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Understanding Your Property Tax Assessment
Dated: May 26 2020
My property tax assessment is high, low or inaccurate. What can I do?
For many people, it’s difficult to determine how the assessed value of a property is calculated. Is it correct? What if it’s too high or too low? How do I address it with the Tax Assessor? Most of these answers can be found on the Georgia Department of Revenue’s website, and we’ve summarized the information below.
How do I figure the tax on my home?
The basic formula to figure the tax on a home using the State's standard $2,000 homestead exemption is: [(assessed value) - $2,000] * millage rate = tax due Example: Fair market value means "the amount a knowledgeable buyer would pay for the property and a willing seller would accept for the property at an arm's length, bona fide sale." Assessed value is 40% of the fair market value. If a person that owned a home with a fair market value of $100,000 in an unincorporated area of a county where the millage rate was 25.00 mills, that person's property tax would be $950.00--[(100,000 * 40%) - $2,000] * .02500 = $950.00. Multiply $100,000 by 40% which is equal to the assessed value of $40,000 and subtract the homestead exemption of $2,000 from the assessed value. Then multiply $38,000 by the millage rate of .02500 which is equal to $950.00.
How do I appeal my property tax assessment?
The county board of tax assessors must send an annual assessment notice which gives the taxpayer information on filing an appeal on real property (such as land and buildings affixed to the land). If the county board of tax assessors disagrees with the taxpayer’s return on personal property (such as airplanes, boats or business equipment and inventory), the board must send an assessment notice which gives the taxpayer information on filing an appeal.
Upon receipt of this Assessment Notice, the property owner desiring to appeal the assessment may do so within 45 days of the date the Assessment Notice was mailed. The taxpayer’s appeal may be based on taxability, value, uniformity, and/or the denial of an exemption. The written appeal is filed initially with the Board of Tax Assessors. The state of Georgia provides a uniform appeal form for use by property owners. In that initial written dispute, the property owner must declare their chosen method of appeal.
The taxpayer must select one of the three options below when filing an appeal:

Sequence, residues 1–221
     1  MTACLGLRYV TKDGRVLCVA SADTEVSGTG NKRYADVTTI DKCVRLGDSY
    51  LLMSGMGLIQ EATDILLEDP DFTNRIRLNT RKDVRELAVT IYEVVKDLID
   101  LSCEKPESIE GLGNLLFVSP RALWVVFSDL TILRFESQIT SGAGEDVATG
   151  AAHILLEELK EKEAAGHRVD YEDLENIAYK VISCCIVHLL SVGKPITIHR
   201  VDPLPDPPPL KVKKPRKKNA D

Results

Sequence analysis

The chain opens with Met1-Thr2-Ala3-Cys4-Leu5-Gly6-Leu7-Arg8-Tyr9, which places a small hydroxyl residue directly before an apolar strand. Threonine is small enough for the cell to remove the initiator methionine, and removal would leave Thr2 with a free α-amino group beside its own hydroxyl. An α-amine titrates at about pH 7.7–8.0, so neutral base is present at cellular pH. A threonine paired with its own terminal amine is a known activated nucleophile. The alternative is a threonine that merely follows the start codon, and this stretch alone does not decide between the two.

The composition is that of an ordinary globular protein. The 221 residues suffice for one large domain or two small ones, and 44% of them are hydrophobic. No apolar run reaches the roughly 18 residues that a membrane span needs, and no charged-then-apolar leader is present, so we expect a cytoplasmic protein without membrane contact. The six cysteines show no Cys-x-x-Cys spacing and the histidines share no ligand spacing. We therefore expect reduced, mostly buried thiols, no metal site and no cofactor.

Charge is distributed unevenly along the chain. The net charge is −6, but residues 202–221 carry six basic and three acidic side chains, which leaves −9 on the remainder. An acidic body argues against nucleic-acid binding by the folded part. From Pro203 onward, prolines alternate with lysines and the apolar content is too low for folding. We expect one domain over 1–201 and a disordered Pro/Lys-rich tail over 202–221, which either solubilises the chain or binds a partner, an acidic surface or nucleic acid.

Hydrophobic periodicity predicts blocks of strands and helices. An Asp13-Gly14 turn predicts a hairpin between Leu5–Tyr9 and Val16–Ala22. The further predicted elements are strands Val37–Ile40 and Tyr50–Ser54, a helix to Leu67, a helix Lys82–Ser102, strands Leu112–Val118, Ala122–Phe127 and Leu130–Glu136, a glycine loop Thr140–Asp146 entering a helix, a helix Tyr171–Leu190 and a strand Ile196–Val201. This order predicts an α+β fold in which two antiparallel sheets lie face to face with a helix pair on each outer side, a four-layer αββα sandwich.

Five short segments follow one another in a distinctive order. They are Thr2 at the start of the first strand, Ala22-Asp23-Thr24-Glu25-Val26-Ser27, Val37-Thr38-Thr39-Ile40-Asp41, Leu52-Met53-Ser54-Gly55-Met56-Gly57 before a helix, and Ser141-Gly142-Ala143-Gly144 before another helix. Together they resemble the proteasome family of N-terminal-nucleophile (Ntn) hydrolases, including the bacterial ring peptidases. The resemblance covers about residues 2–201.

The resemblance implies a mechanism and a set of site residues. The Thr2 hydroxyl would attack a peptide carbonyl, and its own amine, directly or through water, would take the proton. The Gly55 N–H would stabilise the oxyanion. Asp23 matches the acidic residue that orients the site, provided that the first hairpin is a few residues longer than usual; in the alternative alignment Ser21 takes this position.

1. Appeal to the County Board of Equalization
2. Appeal to a Hearing Officer
3. Appeal to an Arbitrator
If the county board of tax assessors has adopted a written policy consenting to electronic service, the taxpayer may email an appeal to the board of assessors.
The Department of Revenue may not over-ride the board of assessors, board of equalization, hearing officer, arbitrator or Superior Court regarding individual appraisals and assessments. The Local Government Services Division of the Georgia Department of Revenue is charged with general supervision of ad valorem tax administration across the state including; annual approval of tax digests; the training and certification of tax officials; and regularly scheduled audits of each of the 159 county boards of assessors.
How can I determine the fair market value of my home?
For those that love numbers and scanning through hours of data, you’ll simply find the most comparable home sales in your immediate area and determine the value based on that. For most, contacting a local Realtor will be your easiest option. Local Realtors have the local market knowledge to provide this information quickly and efficiently and most are willing to do it for FREE!
We hope you find this information helpful. If you have any questions we can answer in more detail, please contact us through our website at www.northpauldingliving.com and one of our local expert Realtors will respond quickly!
Prior to his real estate career, Geoff spent nearly 25 years in the retail Grocery industry, most recently as a Store Manager with Publix Supermarkets, Inc. His ability to manage diverse people, syste....
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